Tuesday, September 4, 2012

GREY2K USA Investigates Greyhound Racing in the United Kingdom

A Ladbrokes Betting Shop
Over the past few years, our mission at GREY2K USA has been slowly expanding to include international campaigns. This shift is partly due to investigative work by Board member Charmaine Settle, who has made fact-finding trips to Macau and Vietnam. Her research led to the Rescue Brooklyn campaign, and our joint effort with Animals Australia, Animals Asia and ANIMA to push for an adoption program at the Canidrome.

This week, we are starting a new chapter in our international work with a fact finding trip to the United Kingdom. Our goal is to learn as much about the British dog racing industry as possible. GREY2K USA Board President Christine Dorchak and I are meeting with established animal welfare groups, adoption leaders and grassroots activists. We are also documenting as many different parts of the industry as possible. To reduce costs we are staying with advocates, and volunteers are helping us travel across the country. Our schedule is extremely full, and unfortunately we don't really have any downtime. I've always wanted to visit Buckingham Palace, but that will have to wait!

We landed on Saturday morning just after 6:00 AM, and hit the ground running. A few hours later, we visited a Ladbrokes betting shop. We have seen dozens of these betting shops since we arrived, an they are clearly one of the reasons why greyhound racing still exists in the UK. In these shops, gamblers are able to bet on dog races from throughout the country. Horse racing is also offered, along with slot machine gambling. The individual manning the betting shop we visited was gracious and even offered us tea or coffee, which we politely declined.

A trialing race at Henlow Dog Race Stadium
Later that night we visited our first track, Henlow Dog Racing Stadium. I was surprised at how narrow the race course was, compared to dog tracks in the United States. There were about two hundred people attending the races, and the crowd included young people and women. The track also had a hand-written sign about greyhound adoption posted in an area where people purchased food.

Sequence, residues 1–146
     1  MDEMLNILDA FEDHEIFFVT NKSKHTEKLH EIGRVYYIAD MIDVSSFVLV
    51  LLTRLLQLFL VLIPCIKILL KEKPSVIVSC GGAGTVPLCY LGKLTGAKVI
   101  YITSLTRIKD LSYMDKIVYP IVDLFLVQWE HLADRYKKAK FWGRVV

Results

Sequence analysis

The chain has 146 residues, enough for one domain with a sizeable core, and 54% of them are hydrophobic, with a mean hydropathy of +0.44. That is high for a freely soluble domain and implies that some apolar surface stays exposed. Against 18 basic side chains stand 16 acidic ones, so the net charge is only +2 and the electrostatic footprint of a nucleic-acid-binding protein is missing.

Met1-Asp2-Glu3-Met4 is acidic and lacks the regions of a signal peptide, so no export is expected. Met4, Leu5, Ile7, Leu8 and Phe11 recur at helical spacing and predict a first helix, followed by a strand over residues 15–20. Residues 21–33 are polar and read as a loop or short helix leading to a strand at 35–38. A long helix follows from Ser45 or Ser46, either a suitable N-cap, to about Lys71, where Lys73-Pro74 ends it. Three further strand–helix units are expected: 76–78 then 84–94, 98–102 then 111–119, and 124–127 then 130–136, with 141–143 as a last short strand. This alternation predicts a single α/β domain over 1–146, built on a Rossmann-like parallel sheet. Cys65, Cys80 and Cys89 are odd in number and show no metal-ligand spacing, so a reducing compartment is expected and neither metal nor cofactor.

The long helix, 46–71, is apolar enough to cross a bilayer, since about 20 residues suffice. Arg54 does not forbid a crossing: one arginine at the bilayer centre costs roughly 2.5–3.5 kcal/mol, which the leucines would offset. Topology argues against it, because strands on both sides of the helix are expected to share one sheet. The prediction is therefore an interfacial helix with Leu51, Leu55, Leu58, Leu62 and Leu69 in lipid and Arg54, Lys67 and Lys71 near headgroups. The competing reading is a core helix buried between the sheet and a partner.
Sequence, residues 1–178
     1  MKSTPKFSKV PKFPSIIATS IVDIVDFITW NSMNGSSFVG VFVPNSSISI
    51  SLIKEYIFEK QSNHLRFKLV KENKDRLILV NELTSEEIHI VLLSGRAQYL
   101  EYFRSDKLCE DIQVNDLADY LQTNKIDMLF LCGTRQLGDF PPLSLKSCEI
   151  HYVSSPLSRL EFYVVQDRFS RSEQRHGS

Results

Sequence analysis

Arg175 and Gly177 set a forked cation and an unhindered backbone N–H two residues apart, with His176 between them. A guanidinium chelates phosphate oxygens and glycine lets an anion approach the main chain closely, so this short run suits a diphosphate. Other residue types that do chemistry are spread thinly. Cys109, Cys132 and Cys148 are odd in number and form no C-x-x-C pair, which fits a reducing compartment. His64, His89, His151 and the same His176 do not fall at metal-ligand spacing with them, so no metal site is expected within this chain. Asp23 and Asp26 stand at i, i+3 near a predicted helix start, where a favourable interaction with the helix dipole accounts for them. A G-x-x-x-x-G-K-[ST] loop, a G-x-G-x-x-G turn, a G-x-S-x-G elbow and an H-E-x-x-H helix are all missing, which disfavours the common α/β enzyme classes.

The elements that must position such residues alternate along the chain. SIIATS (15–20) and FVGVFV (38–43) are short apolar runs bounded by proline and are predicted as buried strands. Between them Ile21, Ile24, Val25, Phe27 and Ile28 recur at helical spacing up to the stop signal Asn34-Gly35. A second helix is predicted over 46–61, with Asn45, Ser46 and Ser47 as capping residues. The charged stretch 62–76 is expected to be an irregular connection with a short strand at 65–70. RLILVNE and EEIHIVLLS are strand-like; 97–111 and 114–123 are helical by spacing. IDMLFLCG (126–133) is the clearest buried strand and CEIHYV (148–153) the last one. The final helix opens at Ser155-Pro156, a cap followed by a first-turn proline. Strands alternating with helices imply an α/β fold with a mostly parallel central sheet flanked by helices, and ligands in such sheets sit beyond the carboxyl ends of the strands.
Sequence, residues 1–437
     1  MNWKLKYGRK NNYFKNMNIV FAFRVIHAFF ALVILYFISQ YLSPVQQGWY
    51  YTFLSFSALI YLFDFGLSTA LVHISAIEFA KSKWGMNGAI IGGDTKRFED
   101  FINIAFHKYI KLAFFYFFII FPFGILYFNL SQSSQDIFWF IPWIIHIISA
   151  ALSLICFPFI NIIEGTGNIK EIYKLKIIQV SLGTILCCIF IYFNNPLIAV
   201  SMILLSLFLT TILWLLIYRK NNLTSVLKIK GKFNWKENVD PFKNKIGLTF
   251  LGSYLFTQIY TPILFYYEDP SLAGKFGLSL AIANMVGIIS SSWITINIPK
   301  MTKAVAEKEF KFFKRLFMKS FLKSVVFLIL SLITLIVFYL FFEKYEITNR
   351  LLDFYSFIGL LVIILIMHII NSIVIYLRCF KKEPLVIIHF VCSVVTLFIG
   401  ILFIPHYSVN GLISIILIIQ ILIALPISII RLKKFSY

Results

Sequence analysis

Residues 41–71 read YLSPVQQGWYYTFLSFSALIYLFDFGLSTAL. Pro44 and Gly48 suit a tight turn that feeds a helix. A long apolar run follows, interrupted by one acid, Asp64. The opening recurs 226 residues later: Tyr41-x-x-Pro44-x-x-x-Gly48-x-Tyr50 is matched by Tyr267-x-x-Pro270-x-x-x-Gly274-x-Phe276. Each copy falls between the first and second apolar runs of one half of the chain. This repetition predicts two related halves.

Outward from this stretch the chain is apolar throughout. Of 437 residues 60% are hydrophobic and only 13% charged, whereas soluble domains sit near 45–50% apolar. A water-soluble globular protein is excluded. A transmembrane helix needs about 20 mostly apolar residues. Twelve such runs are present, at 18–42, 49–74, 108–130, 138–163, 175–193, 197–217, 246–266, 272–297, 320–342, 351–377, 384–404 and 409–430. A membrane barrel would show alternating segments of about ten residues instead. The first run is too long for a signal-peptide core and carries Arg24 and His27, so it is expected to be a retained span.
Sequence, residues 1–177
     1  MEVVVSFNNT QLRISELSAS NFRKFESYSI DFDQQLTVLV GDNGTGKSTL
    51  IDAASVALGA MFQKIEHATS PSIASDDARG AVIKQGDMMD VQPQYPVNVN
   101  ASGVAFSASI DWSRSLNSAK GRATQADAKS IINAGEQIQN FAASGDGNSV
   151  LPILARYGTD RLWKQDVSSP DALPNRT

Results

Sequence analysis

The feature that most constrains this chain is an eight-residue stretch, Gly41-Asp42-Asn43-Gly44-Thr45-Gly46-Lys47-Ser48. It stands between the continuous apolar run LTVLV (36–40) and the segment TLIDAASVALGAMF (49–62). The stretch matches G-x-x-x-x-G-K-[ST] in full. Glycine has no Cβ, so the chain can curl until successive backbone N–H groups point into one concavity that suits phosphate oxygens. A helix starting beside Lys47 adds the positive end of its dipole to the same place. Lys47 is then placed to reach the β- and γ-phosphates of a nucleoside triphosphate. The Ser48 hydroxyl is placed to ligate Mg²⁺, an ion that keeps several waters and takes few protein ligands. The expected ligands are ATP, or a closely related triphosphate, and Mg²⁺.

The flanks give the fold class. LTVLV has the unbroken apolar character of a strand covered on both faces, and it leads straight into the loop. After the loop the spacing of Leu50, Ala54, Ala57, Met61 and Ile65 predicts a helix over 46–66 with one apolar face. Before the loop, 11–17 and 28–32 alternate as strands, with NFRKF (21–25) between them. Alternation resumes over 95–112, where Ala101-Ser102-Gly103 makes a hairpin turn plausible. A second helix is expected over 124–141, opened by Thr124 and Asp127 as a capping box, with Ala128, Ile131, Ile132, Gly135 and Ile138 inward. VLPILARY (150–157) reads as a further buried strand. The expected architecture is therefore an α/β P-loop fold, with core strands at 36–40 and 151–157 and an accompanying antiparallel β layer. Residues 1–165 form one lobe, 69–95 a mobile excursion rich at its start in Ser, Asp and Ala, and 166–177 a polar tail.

Overall, the track was much smaller than the large-scale commercial operations we have documented in America. Only six dogs compete in each race. Christine spoke to a greyhound trainer who had dogs that were being given trails to determine whether they can enter official races. After one of his dogs failed to post the necessary time Christine asked him what would happen to the dog, who is not yet two years old. He told her that he would simply have to get rid of her.
Dr. Caroline Allen

Yesterday we participated in a series of meetings with animal welfare experts, including veterinarian Dr. Caroline Allen, the national spokesperson on animal issues for the Green Party. Dr. Allen has been an outspoken voice for the greyhounds in the debate over Walthamstow Stadium.

Today we are meeting with several grassroots organizations including GreytExploitations, a group that has extensively documented humane problems in the British greyhound racing industry.

I'll try to write as much as possible about this fact finding trip, and share what we learn. So far, I'm very encouraged. It's clear that there are many people in the UK who care about greyhounds, and want to see positive changes.

No comments:

Post a Comment